If you thought you were safe from the harsh rays of the sun indoors, during the winter, or on cloudy days, think again. Not applying sunscreen every day—no matter if the sun is shining or not—may just be what’s causing those sunspots, wrinkles, or dark spots on your face.
Your skin needs the tender loving care of a good sunscreen even when you’re not on your way to the beach. So while the whole world is trying to collectively figure out how to achieve net-zero emission and help the ozone layer heal itself, applying sunscreen is our best shot at protecting ourselves from all sorts of skin diseases.
Let’s talk about why you should make wearing sunscreen a part of your daily routine just as you do with brushing your teeth.
Understanding The Effects Of Sun Exposure
Did you know that there are many different types of rays present in sunlight? What’s most damaging to our skin, however, are UV or ultraviolet rays. Two of these reach the earth’s surface—UVA and UVB.
UVA rays penetrate deeply into our skin and cause premature skin aging, such as the formation of wrinkles and sunspots. There are approximately 500 times more UVA rays in the sunlight compared to UVB rays. What’s even more terrifying is that finding shade in your car or at home won’t achieve anything as UVA rays can pass through glass.
On the other hand, UVB damages your epidermis, which means these are the rays that give you sunburns, skin reddening, and skin blistering. They can directly harm the DNA in our skin cells, leading to skin cancers. UVB rays are most prominent during the summer between 10 a.m. and 4 p.m.
Your skin has a defence mechanism in place to protect you against the sun. However, repeated sun damage will cause sunburn. Not only will your skin look dry, wrinkled, and discoloured, it will also be weakened, resulting in skin that will easily bruise.
Despite how detrimental UVA and UVB rays are to your health, you can always minimize the risks they impose by wearing protective clothing, staying out of the sun, especially during the hottest times of the day, and wearing sunscreen even at times when it seems like you don’t need it.
Unexpected Times Your Skin Needs SPF
Summer and sunshiny days aren’t the only times you should get serious about sunscreen. Slather on some sun protection during the following instances or weather situations:
Yes, even if the days are short and the sun tends to hide behind huge sheets of clouds, UV rays are still beaming down on you and hitting your skin. The sun might feel weaker, but rays can still reflect off snow and ice.
Furthermore, the ozone layer is often thinner during the winter, leaving you with less protection against the sun.
UVA rays are persistent. They will penetrate through glass windows, so it’s important to top off your skincare routine with a layer of SPF even when you’re just working at home or doing your daily indoor chores and activities. Don’t forget to wear sunscreen even when you’re inside your car!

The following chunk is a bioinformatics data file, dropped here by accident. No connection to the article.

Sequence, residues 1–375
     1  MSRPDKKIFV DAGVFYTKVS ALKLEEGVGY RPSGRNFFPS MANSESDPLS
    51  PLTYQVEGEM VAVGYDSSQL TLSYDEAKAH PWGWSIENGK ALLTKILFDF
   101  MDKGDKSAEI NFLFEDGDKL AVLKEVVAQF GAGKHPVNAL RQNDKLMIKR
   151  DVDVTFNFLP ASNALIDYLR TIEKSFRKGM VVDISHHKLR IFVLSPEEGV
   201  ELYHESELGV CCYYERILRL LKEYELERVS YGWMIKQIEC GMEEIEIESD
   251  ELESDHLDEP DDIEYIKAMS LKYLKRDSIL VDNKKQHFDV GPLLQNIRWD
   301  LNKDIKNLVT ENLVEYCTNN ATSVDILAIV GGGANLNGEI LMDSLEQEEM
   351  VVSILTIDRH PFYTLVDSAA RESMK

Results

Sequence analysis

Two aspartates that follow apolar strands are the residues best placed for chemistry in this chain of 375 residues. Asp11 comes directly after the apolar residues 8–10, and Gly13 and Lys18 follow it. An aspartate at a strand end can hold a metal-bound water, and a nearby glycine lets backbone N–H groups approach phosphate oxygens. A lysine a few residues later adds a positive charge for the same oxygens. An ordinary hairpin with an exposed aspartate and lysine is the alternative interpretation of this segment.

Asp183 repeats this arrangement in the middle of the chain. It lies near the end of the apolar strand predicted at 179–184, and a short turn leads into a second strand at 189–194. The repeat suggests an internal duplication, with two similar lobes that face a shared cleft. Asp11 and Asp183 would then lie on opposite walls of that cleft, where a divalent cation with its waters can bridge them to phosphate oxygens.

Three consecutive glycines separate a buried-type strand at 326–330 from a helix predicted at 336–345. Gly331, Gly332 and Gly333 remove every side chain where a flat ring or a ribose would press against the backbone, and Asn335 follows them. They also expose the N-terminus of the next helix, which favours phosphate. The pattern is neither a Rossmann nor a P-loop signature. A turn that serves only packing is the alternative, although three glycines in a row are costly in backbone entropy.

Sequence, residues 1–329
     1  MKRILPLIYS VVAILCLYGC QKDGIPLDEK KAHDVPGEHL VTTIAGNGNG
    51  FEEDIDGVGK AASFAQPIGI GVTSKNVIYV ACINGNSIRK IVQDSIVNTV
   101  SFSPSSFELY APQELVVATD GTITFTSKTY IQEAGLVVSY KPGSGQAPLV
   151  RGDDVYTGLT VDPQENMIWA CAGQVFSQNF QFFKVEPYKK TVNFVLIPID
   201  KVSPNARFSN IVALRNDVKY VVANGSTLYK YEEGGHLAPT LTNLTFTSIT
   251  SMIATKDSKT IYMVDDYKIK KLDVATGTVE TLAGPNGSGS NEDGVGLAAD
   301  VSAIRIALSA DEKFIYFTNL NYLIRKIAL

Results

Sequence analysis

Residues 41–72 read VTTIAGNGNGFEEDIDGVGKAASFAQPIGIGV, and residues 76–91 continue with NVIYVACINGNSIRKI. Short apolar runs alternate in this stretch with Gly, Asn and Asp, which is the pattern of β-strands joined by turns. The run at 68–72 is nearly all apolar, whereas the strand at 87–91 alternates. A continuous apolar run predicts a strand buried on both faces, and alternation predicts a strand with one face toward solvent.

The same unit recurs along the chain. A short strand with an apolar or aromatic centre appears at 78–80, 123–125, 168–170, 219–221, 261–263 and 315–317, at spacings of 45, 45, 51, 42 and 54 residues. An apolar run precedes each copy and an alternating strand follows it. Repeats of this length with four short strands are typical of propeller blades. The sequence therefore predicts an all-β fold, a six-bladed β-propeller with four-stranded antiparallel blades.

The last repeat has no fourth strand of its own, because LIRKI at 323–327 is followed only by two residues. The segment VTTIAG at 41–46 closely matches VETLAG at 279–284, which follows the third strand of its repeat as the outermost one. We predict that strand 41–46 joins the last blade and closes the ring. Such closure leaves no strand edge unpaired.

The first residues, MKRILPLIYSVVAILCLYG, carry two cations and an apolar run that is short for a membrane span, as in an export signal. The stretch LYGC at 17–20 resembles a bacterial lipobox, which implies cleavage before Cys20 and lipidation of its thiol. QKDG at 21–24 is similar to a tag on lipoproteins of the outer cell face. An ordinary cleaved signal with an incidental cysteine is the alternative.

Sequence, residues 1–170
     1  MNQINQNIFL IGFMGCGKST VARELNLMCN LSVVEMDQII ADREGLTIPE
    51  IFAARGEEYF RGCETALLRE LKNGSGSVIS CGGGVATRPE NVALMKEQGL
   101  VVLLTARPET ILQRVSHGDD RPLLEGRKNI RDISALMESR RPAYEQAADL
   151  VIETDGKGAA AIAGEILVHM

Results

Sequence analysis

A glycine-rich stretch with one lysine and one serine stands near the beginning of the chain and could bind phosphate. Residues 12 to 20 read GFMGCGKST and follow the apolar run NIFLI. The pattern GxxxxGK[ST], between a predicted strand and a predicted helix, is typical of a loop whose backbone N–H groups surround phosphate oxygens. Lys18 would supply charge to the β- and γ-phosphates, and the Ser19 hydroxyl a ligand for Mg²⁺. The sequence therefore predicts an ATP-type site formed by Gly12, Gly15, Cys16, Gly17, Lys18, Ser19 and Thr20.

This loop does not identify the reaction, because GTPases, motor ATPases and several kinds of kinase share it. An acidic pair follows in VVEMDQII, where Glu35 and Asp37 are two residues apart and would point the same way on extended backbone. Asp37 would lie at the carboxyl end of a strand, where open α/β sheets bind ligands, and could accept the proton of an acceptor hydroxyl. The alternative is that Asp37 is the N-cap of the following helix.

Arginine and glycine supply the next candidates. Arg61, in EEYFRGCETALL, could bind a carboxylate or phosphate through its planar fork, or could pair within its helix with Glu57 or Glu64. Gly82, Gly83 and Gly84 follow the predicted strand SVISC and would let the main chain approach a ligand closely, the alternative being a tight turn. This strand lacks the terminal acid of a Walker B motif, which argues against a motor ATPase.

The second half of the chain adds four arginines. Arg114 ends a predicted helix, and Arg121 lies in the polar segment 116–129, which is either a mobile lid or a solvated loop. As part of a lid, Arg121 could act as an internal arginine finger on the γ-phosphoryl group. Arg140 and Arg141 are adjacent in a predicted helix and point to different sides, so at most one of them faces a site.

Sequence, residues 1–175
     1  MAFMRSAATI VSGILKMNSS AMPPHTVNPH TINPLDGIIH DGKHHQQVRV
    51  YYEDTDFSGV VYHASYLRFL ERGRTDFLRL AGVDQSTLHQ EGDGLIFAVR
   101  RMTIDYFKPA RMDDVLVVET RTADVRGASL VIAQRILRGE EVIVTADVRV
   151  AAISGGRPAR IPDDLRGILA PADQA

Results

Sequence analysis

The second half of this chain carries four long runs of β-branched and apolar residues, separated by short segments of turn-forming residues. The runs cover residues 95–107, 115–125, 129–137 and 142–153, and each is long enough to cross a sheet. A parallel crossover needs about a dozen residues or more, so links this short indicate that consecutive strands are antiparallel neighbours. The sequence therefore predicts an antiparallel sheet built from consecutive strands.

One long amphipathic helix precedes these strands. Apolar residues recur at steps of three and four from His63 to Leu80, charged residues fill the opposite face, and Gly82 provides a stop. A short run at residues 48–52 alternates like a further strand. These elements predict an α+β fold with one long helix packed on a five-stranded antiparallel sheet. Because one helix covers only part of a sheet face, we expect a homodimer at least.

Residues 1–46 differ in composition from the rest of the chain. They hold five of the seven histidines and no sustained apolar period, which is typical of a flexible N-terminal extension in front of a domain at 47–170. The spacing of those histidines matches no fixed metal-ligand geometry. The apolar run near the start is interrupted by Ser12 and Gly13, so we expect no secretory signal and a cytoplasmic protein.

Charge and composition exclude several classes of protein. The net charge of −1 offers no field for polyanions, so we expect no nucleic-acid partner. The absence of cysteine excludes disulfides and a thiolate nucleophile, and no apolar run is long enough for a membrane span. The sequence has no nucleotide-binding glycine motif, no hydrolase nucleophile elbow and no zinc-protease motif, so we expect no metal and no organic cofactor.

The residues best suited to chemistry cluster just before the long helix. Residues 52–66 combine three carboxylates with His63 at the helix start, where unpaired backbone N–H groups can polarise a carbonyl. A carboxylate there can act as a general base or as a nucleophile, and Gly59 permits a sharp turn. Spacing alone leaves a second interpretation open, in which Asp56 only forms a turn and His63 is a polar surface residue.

Clouds are not your friends when it comes to sun protection. Even on cloudy or rainy days, UV rays can pierce through clouds, so unless you are completely shaded and protected from the adverse effects of the sun, you will still need to put on sunscreen.
The higher you get, the greater your exposure to UV rays will be. Keep in mind that every thousand feet of elevation results in a 6 to 7 percent increase in UV exposure. Because of the thin atmosphere, you’ll likely get a very painful sunburn.
Wearing Thin Clothing
Avoid wearing thin clothing as much as possible, especially when you’re outside. UV rays can pass through thin and light-coloured fabrics. If you want to protect yourself through what you wear, opt for dark-coloured, long-sleeved shirts and pants.
However, if it’s too hot and thin clothing is the only option, don’t forget your sunscreen and maybe throw in a wide-brimmed hat for good measure.
Choosing The Right Sunscreen
Not all sunscreens are made equal. When choosing an effective sunscreen for your skin, always opt for broad-spectrum protection first and foremost. Sunscreens labelled with this help protect you against both UVA and UVB rays. Products without this label only protect you against sunburn, not skin aging or skin cancer.
In terms of SPF levels, go for 30 or higher. The SPF number on your sunscreen is the level of protection it provides against sun rays. SPF 30 blocks about 97% of UVB rays.
Lastly, look for the words “water-resistant,” as this will tell you that the sunscreen will stay even if your skin is wet or sweaty. Water resistance typically lasts either 40 or 80 minutes, so if you’re doing vigorous activities or if you’re swimming, reapply when necessary.
You can also invest in sunscreen that has moisturizing agents or face moisturizers with SPF so that you can easily integrate this step into your daily skincare routine.
If you want to go for something that’s more than just sun protection, you’re all set with SETT’s Mineral Sunscreen.
Sunscreen For Skin Health
Caring for your skin is caring for you overall health. Make it a habit to give your skin the protection it needs by putting sunscreen on your body daily and not just when you’re on the beach. Leave your tube next to your toothbrush if you have to. Soon enough, it’ll just be like slipping on your shoes before you head out the door.
Kindly written for SETT by Katie Pierce: firstname.lastname@example.org